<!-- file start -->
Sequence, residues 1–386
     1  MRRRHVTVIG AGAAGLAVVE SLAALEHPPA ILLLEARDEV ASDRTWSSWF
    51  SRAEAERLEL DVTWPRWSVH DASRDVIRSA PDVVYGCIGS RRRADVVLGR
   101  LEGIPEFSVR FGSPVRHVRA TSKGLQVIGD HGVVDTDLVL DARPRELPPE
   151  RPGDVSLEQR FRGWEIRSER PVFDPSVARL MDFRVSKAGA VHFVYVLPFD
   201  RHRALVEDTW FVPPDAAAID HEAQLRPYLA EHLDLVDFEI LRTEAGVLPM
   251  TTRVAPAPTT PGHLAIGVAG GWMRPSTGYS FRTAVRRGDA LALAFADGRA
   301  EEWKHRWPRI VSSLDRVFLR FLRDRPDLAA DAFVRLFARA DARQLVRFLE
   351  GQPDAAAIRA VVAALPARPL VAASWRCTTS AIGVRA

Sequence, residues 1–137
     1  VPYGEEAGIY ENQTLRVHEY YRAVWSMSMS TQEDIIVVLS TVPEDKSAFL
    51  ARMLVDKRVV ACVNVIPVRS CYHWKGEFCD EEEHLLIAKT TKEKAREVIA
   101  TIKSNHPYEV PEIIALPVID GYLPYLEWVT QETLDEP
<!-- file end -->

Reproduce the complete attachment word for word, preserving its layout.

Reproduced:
Sequence, residues 1–386
     1  MRRRHVTVIG AGAAGLAVVE SLAALEHPPA ILLLEARDEV ASDRTWSSWF
    51  SRAEAERLEL DVTWPRWSVH DASRDVIRSA PDVVYGCIGS RRRADVVLGR
   101  LEGIPEFSVR FGSPVRHVRA TSKGLQVIGD HGVVDTDLVL DARPRELPPE
   151  RPGDVSLEQR FRGWEIRSER PVFDPSVARL MDFRVSKAGA VHFVYVLPFD
   201  RHRALVEDTW FVPPDAAAID HEAQLRPYLA EHLDLVDFEI LRTEAGVLPM
   251  TTRVAPAPTT PGHLAIGVAG GWMRPSTGYS FRTAVRRGDA LALAFADGRA
   301  EEWKHRWPRI VSSLDRVFLR FLRDRPDLAA DAFVRLFARA DARQLVRFLE
   351  GQPDAAAIRA VVAALPARPL VAASWRCTTS AIGVRA

Sequence, residues 1–137
     1  VPYGEEAGIY ENQTLRVHEY YRAVWSMSMS TQEDIIVVLS TVPEDKSAFL
    51  ARMLVDKRVV ACVNVIPVRS CYHWKGEFCD EEEHLLIAKT TKEKAREVIA
   101  TIKSNHPYEV PEIIALPVID GYLPYLEWVT QETLDEP